WHYY employees vote to unionize, join SAG-AFTRA

WHYY on 6th Street in Philadelphia. (Emma Lee/WHYY)

WHYY on 6th Street in Philadelphia. (Emma Lee/WHYY)

A group of WHYY employees voted overwhelmingly Wednesday to join a union and begin collective bargaining over pay and workplace conditions at the NPR-affiliated public broadcaster.

The reporters, editors, producers, program hosts and other content creators voted 70 to 1 to be represented by the Screen Actors Guild-American Federation of Television and Radio Artists (SAG-AFTRA), WHYY management and the union organizers said.

“We’re ready to negotiate for a fair contract worthy of our amazing unit, and fight to make sure our challenged colleagues are in our union,” the organizers wrote on Twitter, referring to employees whose eligibility for union membership has been challenged by WHYY. “This is just the beginning and there’s a lot of work still ahead.”

CEO Bill Marrazzo said management accepted the results and was ready to start negotiating with the new union.

“From my perspective, this isn’t going to change our commitment to continue to grow and sustain the organization. It’s a tough media marketplace and we’ve had a great run so far, and I look forward to collective bargaining to keep that going,” Marrazzo said.

“Our goal over the last couple of weeks is to try to give our employees an opportunity to make an informed selection about organizing a union. We did a pretty good job of it, and the results are clear.”

Union organizers first petitioned for voluntary recognition on October 2, presenting management with cards in support of the union signed by more than 80 percent of the proposed members. When WHYY declined to recognize the union, SAG-AFTRA petitioned the National Labor Relations Board to schedule an election.

Marrazzo said WHYY does not oppose or support unionization but wanted to assist employees who had questions about the union drive.

“The principal reason for not voluntarily accepting the union was directly related to the number of employees here who expressed concern about it,” he said. “There were other employees who wanted to know more about the meaning of becoming union. Within the limits of the NLRB regulations, we tried to do our best to educate and inform everyone so they could make a good personal decision for themselves.”

SAG-AFTRA proposed an 88-member bargaining unit to be made up of employees who create content for WHYY’s TV channel, radio station, and website, including its PlanPhilly and Billy Penn sites. Management wants the union to represent fewer employees, arguing that nine types of jobs listed in the union petition do not meet the definition of content creators. The question of whether employees in those positions will be in the union remains to be resolved, said Art Ellis, WHYY vice president for communications and member relations.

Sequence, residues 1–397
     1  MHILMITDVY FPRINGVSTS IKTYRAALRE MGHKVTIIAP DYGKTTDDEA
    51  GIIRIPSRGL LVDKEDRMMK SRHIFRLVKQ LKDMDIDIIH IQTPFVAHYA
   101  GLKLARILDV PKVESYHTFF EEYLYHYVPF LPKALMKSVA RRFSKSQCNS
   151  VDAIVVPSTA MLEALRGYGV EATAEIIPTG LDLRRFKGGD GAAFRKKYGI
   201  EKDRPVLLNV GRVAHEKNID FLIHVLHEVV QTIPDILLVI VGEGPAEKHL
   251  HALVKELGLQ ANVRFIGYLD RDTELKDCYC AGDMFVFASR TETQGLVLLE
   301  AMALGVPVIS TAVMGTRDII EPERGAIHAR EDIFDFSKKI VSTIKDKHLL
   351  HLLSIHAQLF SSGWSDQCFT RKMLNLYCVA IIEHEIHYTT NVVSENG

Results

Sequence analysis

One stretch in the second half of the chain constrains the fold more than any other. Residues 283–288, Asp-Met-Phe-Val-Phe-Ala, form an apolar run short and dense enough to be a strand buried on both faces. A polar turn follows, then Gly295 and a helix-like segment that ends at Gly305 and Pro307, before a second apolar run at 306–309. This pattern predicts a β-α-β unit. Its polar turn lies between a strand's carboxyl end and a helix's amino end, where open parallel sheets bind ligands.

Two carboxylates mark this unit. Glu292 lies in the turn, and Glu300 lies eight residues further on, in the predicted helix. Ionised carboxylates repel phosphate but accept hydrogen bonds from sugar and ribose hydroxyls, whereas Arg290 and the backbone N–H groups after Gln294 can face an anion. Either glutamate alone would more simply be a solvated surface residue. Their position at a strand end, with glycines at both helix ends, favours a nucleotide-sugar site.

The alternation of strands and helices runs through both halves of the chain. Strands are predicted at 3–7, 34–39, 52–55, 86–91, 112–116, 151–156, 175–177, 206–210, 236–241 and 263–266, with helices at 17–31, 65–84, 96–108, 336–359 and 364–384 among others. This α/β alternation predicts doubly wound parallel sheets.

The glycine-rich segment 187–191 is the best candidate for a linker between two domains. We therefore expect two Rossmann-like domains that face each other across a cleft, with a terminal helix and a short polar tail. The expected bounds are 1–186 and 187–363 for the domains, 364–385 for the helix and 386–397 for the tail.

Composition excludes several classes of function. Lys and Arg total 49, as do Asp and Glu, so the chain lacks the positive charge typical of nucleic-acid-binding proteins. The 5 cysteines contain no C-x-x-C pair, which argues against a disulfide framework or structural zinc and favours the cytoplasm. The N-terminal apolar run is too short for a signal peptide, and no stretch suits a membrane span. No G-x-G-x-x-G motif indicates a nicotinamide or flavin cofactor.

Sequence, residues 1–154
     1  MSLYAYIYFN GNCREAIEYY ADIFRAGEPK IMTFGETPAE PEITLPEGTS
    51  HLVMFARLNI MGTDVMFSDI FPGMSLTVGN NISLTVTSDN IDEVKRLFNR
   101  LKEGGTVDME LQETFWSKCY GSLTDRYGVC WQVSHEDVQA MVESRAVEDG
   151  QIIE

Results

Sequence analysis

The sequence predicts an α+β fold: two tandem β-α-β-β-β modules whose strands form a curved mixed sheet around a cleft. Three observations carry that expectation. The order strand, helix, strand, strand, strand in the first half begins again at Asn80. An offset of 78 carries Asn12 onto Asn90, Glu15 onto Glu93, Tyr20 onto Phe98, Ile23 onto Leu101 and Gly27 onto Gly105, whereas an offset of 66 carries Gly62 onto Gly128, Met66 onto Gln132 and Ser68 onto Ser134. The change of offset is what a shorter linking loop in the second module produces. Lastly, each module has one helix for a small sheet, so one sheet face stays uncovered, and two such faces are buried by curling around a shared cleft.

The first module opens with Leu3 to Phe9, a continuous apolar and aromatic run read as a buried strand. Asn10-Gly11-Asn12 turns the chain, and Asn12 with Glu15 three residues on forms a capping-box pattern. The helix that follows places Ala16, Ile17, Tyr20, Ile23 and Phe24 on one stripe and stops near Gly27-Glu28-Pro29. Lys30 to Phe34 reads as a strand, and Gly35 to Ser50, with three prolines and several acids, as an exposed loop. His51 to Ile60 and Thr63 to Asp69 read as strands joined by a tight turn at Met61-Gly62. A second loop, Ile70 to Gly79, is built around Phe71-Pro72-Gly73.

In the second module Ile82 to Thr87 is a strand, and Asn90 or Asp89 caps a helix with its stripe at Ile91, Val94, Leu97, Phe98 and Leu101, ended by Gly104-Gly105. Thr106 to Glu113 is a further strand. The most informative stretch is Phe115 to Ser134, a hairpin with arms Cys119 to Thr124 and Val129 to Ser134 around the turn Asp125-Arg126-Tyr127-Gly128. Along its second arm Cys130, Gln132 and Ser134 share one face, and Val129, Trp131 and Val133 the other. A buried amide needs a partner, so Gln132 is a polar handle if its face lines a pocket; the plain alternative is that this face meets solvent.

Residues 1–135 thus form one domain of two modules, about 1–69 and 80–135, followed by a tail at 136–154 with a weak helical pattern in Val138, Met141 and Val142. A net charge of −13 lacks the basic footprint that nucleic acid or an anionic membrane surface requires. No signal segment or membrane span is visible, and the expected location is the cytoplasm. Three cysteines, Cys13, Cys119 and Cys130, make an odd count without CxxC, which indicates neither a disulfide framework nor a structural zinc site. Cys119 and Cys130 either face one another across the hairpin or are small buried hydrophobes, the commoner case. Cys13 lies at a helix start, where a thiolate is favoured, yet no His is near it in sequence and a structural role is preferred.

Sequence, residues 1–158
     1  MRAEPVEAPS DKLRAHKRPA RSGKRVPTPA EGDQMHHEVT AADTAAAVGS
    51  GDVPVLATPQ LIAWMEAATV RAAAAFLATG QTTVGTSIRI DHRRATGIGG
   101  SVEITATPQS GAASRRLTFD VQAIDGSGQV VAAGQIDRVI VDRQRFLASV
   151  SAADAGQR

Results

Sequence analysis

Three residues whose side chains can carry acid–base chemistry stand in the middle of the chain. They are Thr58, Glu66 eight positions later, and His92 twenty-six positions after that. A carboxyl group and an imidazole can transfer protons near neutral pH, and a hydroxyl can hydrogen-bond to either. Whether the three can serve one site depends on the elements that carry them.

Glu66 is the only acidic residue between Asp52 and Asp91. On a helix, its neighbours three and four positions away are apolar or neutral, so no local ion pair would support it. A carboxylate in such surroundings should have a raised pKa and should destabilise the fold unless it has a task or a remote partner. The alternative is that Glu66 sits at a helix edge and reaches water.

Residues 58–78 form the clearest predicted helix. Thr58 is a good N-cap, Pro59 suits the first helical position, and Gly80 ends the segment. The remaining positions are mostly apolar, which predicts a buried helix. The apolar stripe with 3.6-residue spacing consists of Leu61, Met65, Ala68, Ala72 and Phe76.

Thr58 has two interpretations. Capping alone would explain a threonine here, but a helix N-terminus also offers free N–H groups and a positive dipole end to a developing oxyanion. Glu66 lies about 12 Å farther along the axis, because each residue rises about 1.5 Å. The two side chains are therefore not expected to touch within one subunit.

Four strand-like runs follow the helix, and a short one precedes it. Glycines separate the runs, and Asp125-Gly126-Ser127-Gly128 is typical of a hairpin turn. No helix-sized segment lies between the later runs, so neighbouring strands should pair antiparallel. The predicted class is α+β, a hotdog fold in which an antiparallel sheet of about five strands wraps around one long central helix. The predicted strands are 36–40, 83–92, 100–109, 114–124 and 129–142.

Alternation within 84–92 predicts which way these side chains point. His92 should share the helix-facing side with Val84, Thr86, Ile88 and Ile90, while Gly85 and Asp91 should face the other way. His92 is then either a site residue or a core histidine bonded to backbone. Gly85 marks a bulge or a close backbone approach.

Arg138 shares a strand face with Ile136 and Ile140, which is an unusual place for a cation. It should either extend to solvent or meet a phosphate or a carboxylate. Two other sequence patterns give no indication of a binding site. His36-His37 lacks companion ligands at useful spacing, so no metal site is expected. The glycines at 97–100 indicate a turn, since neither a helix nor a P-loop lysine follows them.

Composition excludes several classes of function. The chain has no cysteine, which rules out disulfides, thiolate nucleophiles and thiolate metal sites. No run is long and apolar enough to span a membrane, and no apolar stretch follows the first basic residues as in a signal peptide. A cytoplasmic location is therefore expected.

Either side may file objections over the conduct of the election with the NLRB within 7 days, in which case the agency’s regional director Dennis Walsh could order an investigation and hearings. If there are no objections he will certify the election results.

A committee representing the newly unionized employees will then begin discussing the terms of a contract with WHYY management, which is required by law to negotiate in good faith about wages, hours, and other conditions of employment. Negotiation can be a lengthy process; employees at public radio station WBUR in Boston unionized in February and have yet to sign a contract.

The petitioning employees at WHYY have said they want to negotiate salaries and promotions. They contend that lagging pay rates have led to an exodus of talented employees seeking better opportunities elsewhere. They also want more control over work schedules, greater transparency from managers and a bigger role in decision-making.

After the employees presented their initial petition, WHYY management questioned whether SAG-AFTRA membership was the best way for employees to address workplace issues. Managers later scheduled meetings with employees to discuss the union drive. The meetings had an “anti-union theme of sowing division,” the union organizers wrote on Twitter.

WHYY told members that they may be required to pay dues, that promises by the union are not guaranteed outcomes, that a future contract could offer lesser benefits than workers currently have, and that negotiations could take a year or longer, according to a management letter to employees that the union posted on Twitter.

Ellis defended the meetings and messages to employees.

“We felt we had an obligation to share information with all employees – both those eligible to be in SAG-AFTRA and everyone else – about how the unionization process could impact individuals and the organization. We always said each employee is free to choose how to vote,” he said in an email.

Other public radio and TV outlets where employees are represented by SAG-AFTRA include National Public Radio, WNYC, MPR in St. Paul, WBEZ in Chicago, KUOW in Seattle, KPCC in Pasadena, and KQED in San Francisco.

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